The Burundi Human Rights Initiative

The Deadly Price of Opposition

Fauzia Basesuwabo: Opposition party member, mother of 10, beaten to death by ruling party youth. Beaten on 26 February 2020. Died on 4 March. Muyinga province.

Fauzia Basesuwabo

Opposition party member, mother of 10, beaten to death by ruling party youth

When members of the youth league of the ruling party, the Imbonerakure, targeted Fauzia Basesuwabo’s husband and sons because they were opposition party members, she tried to escape. Imbonerakure caught her and beat her mercilessly. The following account details the brutality of the Imbonerakure that led to her death.

Two members of the opposition party Congrès national pour la liberté (CNL) were minding their own business, walking down the road in Muyinga province on when Aloys Niyoyita, alias Gihori, passed by on a motorcycle. The driver slammed on the brakes and Gihori unleashed a tirade of insults, calling them “CNL dogs”, accusing them of holding an illegal meeting, and saying he and his fellow Imbonerakure were going to start shooting CNL members.

A heated discussion and a skirmish ensued, in which one of the CNL members hit Gihori with a piece of wood, opening a gash on his head. The two CNL members then fled the scene.

It’s unclear what provoked Gihori to insult them, but the day before, during a public meeting in Jani hill, an influential member of the Imbonerakure told the crowd: “We should chase after (CNL members) until their feet burn. Even those under their mosquito nets will be caught and destroyed.” He said that anywhere people see a member of the CNL, they should tie them up and that the CNL should be hated and banished from public places like bars and markets. Such threats would soon be put into action in Jani.

This kind of rhetoric, which was prevalent long before the elections, has had devastating consequences. In remote areas, threats and violence are a part of daily life and the facts surrounding them often remain hidden in the hills. Local authorities – some of whom may be involved in abuses or fear the ruling party, the CNDD-FDD – know the power of the Imbonerakure and when to defer to them.

Muyinga province is no exception. On in Giteranyi commune, for example, Imbonerakure beat a CNL member, looted his house and stole 200,000 Burundian francs (approximately US$105). When judicial police officers finally interviewed the victim four days later, they didn’t seem interested in the facts of the case. The Imbonerakure who beat the victim most harshly was seen a few days later drinking beer with local policemen. The victim contacted the prosecutor in Muyinga and judicial officials struck a deal with the Imbonerakure: they would compensate the victim, but wouldn’t be punished. At the time of writing, they had largely done so, but no other action was taken against them for beating him.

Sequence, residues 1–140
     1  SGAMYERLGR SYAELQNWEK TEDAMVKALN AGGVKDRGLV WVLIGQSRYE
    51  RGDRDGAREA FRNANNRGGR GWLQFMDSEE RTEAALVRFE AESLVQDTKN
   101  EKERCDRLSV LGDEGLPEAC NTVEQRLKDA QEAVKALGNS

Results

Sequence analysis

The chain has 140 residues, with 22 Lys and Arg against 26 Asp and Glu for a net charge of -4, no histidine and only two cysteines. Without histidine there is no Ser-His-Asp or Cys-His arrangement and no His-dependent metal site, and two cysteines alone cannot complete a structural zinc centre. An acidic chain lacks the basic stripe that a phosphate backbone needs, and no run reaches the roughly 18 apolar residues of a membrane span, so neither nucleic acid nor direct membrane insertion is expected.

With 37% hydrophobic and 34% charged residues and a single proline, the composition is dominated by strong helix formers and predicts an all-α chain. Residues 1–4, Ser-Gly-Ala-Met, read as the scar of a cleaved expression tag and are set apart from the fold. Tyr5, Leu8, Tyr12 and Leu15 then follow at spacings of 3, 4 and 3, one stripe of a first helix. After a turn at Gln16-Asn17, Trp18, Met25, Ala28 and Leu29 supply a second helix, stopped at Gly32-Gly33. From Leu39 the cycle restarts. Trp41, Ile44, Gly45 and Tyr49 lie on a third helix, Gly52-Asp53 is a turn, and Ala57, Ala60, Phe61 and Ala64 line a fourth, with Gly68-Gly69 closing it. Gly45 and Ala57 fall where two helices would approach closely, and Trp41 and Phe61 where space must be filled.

In Giteranyi commune in , Imbonerakure burned down the house of a woman who had become tired of their frequent demands for financial contributions. In , Imbonerakure detained a 35-year-old CNL member because, they said: “He was an idiot and they wanted to educate him.” His wife hasn’t seen him since.

The clash in Jani between Gihori and the CNL members evolved into one of the most brutal attacks in Muyinga in months. It offers a glimpse into how quickly Imbonerakure can marshal fellow members, incite them to violence and collectively focus their rage on a single family.

Angry and bleeding from the head after the fight with the two CNL members, Gihori called local Imbonerakure on the telephone to hunt down members of the CNL in the area. Word quickly spread, and a large group of Imbonerakure converged on the house of Selemani Rwasa, a CNL member who lived in Jani and whose son was involved in the fight with Gihori.

Other Imbonerakure went to the nearby home of Sosthène Murasandonyi, alias Gahindira, the CNL representative of the same hill, who had locked himself in his house for protection. A witness said Murasandonyi believed Imbonerakure were going to kill him, so he armed himself with a small hoe and attempted to repel the Imbonerakure who had started destroying his house to reach him.

Gihori arrived at Selemani Rwasa’s house followed by a large group of Imbonerakure from Jani and neighboring hills chanting: “Hit them! Hit them!”. Gihori was armed with a machete and a small hoe. Initially, Rwasa and his sons attempted to defend themselves with whatever objects they could find. Gihori grabbed a piece of firewood and fought with Rwasa who had a machete that he’d been using for farm work.

Witnesses said they heard Gihori warn that he was going to take revenge for the earlier incident by “killing at least three people” from Rwasa’s family. Other Imbonerakure said they were going to beat them until they were incapable of harvesting the beans they had planted.

When a large group of Imbonerakure led by the chef de colline (local official) of Jani, Joseph Ndayizeye, arrived, Rwasa and his three sons surrendered, and his sons were tied up. A witness said that Ndayizeye carried a large stick and a spear.